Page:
Report on Cerro Negro (Nicaragua) — November 1996
Bulletin of the Global Volcanism Network, vol. 21, no. 11 (November 1996)
Managing Editor: Richard Wunderman.
Cerro Negro (Nicaragua) Fumarole temperatures decrease in November
Please cite this report as:
Global Volcanism Program, 1996. Report on Cerro Negro (Nicaragua). In: Wunderman, R. (ed.), Bulletin of the Global Volcanism Network, 21:11. Smithsonian Institution. https://doi.org/10.5479/si.GVP.BGVN199611-344070.
12.506°N, 86.702°W; summit elev. 728 m
All times are local (unless otherwise noted)
On 27 November, a visit to the crater found that fumarole temperatures had generally decreased by 80- 100°C and the maximum temperature was only 630°C. From November 1995, when a significant eruption took place, to October 1996, fumarole temperatures were as high as 700°C.
Cerro Negro is a basaltic cinder cone that has erupted repeatedly since its birth in 1850. It is part of a group of four young cinder cones NW of Las Pilas volcano. Following a major explosive eruption in 1971, Cerro Negro was quiet until April 1992, when an eruption produced a Plinian column 7.5 km high, deposited ash in León (20 km WSW), and forced the evacuation of 28,000 people (BGVN 17:03 and 17:04). A significant eruption in November-December 1995 built a new cone, lava dome, and lava flows within the summit crater, sent lava flows down the N flank, and deposited ash over at least 200 km2 (BGVN 20:11/12).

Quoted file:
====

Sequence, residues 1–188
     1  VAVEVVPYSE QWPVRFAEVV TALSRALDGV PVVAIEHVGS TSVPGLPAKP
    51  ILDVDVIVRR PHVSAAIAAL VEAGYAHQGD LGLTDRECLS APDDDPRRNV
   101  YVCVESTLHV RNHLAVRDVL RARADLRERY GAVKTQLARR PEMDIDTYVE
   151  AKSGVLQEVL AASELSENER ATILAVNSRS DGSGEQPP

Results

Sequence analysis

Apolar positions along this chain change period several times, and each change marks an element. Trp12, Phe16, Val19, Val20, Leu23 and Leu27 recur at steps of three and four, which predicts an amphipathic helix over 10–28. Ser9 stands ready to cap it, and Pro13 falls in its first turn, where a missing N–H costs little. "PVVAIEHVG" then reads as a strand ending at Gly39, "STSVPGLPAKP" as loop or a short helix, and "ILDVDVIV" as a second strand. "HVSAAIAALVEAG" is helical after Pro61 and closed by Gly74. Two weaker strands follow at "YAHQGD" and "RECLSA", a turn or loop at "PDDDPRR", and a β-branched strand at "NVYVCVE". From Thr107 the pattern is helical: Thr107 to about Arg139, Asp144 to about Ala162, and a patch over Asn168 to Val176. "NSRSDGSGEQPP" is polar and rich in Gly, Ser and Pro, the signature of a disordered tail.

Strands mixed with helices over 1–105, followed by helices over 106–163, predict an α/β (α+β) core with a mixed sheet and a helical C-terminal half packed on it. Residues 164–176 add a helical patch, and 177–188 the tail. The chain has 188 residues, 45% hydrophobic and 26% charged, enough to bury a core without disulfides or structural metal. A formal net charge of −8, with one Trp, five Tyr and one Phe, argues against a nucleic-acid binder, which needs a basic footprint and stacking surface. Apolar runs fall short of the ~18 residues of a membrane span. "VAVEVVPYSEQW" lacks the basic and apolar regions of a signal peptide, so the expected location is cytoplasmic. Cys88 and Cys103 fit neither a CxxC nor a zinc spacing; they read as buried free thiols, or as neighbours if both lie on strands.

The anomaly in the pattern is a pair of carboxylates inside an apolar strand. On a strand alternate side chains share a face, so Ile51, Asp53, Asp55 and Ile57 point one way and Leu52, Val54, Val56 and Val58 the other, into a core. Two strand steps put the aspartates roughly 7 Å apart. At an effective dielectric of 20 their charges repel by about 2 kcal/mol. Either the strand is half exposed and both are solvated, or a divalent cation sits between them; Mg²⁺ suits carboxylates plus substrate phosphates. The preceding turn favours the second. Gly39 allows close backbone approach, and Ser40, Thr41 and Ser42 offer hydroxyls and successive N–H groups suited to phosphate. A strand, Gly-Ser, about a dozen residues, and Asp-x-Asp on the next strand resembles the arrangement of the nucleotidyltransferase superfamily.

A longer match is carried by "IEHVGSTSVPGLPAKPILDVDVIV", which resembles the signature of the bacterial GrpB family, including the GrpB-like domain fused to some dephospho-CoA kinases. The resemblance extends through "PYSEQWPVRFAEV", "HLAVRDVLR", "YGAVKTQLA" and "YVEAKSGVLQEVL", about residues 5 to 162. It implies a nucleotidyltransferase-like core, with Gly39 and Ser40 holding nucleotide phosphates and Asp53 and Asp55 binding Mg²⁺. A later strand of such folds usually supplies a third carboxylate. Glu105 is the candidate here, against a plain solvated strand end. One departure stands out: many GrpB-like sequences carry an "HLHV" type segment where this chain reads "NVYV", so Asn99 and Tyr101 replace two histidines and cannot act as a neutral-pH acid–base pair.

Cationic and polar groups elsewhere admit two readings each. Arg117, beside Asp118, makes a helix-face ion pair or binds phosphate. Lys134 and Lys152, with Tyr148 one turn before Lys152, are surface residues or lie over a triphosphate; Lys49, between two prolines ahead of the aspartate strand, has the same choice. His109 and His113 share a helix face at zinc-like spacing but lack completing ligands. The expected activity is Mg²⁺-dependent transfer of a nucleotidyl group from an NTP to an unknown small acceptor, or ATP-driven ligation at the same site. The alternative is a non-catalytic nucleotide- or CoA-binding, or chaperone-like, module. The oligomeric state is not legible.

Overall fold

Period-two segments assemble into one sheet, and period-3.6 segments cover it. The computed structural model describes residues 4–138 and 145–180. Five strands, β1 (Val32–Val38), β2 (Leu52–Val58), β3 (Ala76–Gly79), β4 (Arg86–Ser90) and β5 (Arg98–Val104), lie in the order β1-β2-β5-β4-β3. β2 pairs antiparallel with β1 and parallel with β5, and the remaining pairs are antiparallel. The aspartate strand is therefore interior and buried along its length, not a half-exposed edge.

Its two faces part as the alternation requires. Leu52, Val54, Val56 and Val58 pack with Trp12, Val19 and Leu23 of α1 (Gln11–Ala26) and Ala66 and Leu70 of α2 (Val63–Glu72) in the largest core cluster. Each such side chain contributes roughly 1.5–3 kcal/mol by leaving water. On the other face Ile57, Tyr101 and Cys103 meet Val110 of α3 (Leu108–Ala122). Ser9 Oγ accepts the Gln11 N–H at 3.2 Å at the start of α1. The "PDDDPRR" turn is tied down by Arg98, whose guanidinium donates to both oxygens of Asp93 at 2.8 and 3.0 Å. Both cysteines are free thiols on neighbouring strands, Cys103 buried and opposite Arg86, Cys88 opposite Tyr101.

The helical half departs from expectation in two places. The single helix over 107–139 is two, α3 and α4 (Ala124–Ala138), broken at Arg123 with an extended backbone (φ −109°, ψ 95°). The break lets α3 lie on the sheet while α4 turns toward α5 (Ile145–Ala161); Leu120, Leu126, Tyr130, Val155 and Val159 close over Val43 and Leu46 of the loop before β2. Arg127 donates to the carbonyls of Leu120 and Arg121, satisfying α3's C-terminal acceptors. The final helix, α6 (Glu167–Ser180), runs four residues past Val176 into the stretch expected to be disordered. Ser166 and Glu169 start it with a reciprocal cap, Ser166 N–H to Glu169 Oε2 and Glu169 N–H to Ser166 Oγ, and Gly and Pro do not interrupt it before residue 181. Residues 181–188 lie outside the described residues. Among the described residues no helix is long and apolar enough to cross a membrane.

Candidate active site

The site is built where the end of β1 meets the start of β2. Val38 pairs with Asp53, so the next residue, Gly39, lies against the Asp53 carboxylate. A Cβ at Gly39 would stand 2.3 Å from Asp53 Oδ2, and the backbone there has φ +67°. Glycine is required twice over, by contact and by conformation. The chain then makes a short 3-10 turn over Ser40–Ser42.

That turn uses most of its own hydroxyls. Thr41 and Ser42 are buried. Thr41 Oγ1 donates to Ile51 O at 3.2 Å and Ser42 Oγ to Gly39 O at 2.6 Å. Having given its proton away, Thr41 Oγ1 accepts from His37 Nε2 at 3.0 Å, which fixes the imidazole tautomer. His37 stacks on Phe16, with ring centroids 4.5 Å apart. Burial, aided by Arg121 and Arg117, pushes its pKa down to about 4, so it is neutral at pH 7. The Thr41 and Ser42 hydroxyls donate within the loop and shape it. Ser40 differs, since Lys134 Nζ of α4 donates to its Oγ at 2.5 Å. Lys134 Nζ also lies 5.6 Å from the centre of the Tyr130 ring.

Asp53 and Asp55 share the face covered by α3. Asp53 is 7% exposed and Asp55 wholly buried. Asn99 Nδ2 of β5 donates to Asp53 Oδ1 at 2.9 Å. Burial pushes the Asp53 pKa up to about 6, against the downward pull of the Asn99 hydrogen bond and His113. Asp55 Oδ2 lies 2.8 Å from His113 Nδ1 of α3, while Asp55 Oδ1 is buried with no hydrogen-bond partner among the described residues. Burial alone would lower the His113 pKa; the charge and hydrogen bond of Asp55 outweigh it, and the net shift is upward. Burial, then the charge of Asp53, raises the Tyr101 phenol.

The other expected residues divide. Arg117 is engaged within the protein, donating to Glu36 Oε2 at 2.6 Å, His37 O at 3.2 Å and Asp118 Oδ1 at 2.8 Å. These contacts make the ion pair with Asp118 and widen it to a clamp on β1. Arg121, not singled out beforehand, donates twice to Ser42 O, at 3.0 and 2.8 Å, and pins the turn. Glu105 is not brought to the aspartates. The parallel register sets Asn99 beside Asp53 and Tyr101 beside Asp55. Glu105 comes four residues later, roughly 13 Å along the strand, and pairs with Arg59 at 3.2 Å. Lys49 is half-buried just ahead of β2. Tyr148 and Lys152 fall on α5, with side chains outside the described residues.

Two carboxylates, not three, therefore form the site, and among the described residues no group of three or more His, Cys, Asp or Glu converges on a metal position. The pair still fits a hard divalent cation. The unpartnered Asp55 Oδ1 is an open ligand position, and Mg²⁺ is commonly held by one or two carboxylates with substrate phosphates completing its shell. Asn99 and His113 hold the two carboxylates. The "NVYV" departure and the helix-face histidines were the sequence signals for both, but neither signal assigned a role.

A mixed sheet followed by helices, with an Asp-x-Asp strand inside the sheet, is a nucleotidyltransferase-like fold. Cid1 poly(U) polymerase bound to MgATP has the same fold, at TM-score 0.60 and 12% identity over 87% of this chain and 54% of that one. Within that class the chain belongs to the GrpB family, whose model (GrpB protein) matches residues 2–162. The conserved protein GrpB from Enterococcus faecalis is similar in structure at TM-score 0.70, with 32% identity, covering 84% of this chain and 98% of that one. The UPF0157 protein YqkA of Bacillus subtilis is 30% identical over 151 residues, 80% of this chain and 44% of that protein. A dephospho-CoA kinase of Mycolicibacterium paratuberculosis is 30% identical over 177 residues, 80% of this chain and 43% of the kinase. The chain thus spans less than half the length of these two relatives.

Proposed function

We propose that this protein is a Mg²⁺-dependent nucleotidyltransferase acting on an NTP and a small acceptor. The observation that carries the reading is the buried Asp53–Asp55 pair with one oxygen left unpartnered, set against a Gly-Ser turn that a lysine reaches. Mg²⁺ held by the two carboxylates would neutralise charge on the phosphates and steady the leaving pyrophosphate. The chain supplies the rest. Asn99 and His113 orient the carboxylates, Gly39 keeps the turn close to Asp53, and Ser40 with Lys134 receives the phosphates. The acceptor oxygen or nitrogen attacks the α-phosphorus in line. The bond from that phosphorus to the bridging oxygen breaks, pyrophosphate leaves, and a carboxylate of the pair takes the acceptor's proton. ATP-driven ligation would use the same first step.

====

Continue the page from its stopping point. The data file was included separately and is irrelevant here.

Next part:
Geologic Background. Nicaragua's youngest volcano, Cerro Negro, was created following an eruption that began in April 1850 about 2 km NW of the summit of Las Pilas volcano. It is the largest, southernmost, and most recent of a group of four youthful cinder cones constructed along a NNW-SSE-trending line in the central Marrabios Range. Strombolian-to-subplinian eruptions at intervals of a few years to several decades have constructed a roughly 250-m-high basaltic cone and an associated lava field constrained by topography to extend primarily NE and SW. Cone and crater morphology have varied significantly during its short eruptive history. Although it lies in a relatively unpopulated area, occasional heavy ashfalls have damaged crops and buildings.
Information Contacts: Alain Creusot, Instituto Nicaraguense de Energía, Managua, Nicaragua.